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Please use this identifier to cite or link to this item: http://hdl.handle.net/123456789/901

Authors: Welde, Bulto
Advisors: Dr. Girma Estiphanos (Advisor)
Copyright: 2006
Date Added: 22-Apr-2008
Publisher: Addis Ababa University
Abstract: The purpose of the thesis is to discuss and analyze the effects of WTO accession on Ethiopia’s economic policy making with particular emphasis on foreign market access for her exports. That is, its aim is to ask how important market access might be as an incentive for Ethiopia to join the WTO. Assessing Ethiopia’s effective utilization of already granted preferential market access is also another major objective addressed in the paper. The paper also discusses the costs and benefits to be expected by Ethiopia if she accedes to the WTO. We employ both descriptive and empirical analysis approaches. Trends of Ethiopia’s exports by major destinations, Ethiopia’s utilization of preferential market access, and major consequences of policy changes as a result of joining the WTO are among descriptively analyzed issues. For empirical analysis part, we employ the gravity model of international trade and include data on 31 of Ethiopia’s trade partners. The empirical analysis is done using two sample periods-(1995-2003) and (2000-2003)-to observe the effects of recent preferential market accesses-AGOA and EBA initiatives. To enable us to draw sound conclusions from empirical results, three trade policy indicators are used. These are Heritage Foundation Index of distortions in international trade, Economic Freedom of the World international trade index and trade dependency ratio of Ethiopia’s trading partners. European Union (EU) member countries, COMESA member countries, Saudi Arabia, United States (US) and Japan are major importers of Ethiopian exporters. In addition to the Generalized System of Preferences (GSP), European Union granted Ethiopia preferential market access under EU-ASP economic partnership (Cotonou Agreement) and EBA initiatives. United States also offered preferential market access for Ethiopia under AGOA. However, it is found that Ethiopia’s utilization of these preferential market accesses is not satisfactory. Without taking these preferential market accesses into account, our empirical estimates show that import barriers imposed by Ethiopia’s trade partners do not play an important role in determining the volume of Ethiopian exports. Therefore, the results suggest that the most favored nation mechanism and putative improved market access might not be an important criterion for deciding Ethiopia’s Accession to the WTO. Hence she should demand longenough periods both for accession process and transition period to address her supply side problems.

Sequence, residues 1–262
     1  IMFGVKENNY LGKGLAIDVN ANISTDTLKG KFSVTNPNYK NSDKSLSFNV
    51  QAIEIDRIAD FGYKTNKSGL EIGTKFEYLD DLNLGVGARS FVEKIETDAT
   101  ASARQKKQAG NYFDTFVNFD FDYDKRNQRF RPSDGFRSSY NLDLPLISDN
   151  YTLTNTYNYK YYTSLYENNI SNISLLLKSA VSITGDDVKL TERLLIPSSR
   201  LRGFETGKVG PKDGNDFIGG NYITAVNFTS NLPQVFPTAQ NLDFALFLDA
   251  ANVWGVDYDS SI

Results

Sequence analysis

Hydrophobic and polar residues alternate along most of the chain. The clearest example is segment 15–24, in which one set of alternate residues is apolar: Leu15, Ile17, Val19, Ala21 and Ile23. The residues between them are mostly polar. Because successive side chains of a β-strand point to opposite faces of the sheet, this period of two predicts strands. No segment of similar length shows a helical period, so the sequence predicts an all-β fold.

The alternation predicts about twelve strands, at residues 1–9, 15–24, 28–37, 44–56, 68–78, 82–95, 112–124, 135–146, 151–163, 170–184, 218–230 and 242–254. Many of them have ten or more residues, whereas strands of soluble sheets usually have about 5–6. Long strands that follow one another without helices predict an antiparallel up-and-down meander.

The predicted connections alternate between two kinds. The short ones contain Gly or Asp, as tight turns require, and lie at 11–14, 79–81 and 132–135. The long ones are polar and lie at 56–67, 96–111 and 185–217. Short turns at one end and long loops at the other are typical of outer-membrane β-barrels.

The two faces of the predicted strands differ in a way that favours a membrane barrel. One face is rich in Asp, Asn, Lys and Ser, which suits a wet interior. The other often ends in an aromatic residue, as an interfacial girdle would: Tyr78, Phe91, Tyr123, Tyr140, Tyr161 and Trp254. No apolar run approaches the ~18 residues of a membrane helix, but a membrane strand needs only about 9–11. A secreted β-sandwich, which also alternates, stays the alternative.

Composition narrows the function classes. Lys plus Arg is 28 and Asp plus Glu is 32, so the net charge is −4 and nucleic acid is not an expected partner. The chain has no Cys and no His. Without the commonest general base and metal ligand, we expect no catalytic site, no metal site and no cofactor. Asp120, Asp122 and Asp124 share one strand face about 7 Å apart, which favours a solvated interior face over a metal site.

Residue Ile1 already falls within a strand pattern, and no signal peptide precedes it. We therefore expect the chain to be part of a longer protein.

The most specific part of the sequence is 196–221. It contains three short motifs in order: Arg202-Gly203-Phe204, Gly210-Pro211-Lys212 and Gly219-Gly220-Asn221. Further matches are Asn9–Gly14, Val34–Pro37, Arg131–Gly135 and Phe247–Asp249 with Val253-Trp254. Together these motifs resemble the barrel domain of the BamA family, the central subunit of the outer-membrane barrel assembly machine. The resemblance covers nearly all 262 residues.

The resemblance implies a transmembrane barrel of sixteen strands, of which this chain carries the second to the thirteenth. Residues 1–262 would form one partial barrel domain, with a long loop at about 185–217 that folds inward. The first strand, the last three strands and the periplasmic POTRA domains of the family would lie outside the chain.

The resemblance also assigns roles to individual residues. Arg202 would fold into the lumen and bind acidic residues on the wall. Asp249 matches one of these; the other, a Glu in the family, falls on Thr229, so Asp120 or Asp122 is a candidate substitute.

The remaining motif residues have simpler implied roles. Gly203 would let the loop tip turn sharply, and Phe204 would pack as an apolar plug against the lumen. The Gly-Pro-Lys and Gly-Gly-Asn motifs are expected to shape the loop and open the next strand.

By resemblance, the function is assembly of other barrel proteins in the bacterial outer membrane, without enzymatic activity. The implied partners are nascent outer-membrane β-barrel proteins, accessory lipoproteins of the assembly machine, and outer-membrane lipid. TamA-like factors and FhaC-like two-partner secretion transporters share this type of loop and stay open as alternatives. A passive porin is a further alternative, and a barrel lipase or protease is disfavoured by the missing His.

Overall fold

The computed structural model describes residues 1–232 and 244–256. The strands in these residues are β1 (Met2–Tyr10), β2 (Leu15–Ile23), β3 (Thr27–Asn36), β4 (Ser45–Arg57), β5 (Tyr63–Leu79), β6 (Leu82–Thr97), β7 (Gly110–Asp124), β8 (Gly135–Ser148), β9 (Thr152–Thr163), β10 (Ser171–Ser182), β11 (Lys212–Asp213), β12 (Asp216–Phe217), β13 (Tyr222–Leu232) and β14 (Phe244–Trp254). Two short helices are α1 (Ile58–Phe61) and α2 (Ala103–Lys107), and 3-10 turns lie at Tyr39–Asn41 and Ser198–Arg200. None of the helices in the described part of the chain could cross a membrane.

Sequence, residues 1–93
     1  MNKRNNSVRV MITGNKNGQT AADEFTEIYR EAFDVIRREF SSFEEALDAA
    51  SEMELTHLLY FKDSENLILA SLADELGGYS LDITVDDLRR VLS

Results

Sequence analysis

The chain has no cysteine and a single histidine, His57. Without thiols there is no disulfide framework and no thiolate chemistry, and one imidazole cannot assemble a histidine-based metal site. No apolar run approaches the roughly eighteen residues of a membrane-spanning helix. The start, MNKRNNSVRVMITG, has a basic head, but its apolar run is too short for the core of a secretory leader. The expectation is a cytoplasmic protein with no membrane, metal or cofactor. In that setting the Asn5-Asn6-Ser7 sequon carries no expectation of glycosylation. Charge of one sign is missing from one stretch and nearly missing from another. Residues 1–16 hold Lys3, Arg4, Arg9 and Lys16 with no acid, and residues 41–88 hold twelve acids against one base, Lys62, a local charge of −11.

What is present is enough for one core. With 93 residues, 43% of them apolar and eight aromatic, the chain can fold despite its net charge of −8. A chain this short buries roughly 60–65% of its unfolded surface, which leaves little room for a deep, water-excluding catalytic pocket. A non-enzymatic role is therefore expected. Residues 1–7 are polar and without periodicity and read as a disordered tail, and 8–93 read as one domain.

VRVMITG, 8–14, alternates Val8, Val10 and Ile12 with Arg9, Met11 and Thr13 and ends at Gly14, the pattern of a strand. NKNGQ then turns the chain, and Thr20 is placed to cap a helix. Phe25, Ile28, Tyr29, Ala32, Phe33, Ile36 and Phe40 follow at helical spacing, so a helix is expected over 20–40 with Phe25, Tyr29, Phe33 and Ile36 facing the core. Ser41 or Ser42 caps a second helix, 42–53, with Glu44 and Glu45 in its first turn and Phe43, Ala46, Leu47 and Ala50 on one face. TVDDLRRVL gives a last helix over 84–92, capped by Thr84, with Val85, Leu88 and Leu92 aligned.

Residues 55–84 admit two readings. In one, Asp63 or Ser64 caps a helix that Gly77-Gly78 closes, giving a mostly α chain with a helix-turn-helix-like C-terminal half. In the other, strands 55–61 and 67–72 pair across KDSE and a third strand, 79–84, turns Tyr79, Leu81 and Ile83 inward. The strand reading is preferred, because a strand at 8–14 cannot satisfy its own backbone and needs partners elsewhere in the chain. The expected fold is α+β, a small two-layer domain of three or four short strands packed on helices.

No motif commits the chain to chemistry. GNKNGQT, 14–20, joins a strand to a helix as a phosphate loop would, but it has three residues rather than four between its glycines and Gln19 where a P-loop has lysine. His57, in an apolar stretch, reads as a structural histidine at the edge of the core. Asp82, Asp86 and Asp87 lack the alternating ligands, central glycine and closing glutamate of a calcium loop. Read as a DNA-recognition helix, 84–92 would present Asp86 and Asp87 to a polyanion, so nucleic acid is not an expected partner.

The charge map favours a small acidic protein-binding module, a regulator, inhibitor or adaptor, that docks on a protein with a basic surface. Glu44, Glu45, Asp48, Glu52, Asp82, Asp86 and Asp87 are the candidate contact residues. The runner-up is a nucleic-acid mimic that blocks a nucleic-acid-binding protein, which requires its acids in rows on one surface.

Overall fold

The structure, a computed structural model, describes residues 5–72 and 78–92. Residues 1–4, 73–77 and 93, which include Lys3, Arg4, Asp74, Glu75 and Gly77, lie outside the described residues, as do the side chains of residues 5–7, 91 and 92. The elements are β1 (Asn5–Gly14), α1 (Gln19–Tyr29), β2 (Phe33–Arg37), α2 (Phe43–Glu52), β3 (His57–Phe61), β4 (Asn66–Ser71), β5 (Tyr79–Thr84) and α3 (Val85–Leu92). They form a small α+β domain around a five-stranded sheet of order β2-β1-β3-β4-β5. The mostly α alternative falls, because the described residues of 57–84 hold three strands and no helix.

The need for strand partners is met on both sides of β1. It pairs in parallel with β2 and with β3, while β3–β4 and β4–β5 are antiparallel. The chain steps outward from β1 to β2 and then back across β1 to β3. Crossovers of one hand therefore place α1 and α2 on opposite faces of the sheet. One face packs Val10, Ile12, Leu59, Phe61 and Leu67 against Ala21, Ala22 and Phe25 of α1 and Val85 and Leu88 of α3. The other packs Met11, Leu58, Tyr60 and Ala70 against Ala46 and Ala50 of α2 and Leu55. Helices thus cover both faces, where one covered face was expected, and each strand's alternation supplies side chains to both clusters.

Description: A thesis submitted to the school of Graduate Studies of Addis Ababa University in partial fulfillment of the requirements for the Degree of Master of Science in Economics
URI: http://hdl.handle.net/123456789/901
Appears in:Thesis - Economics

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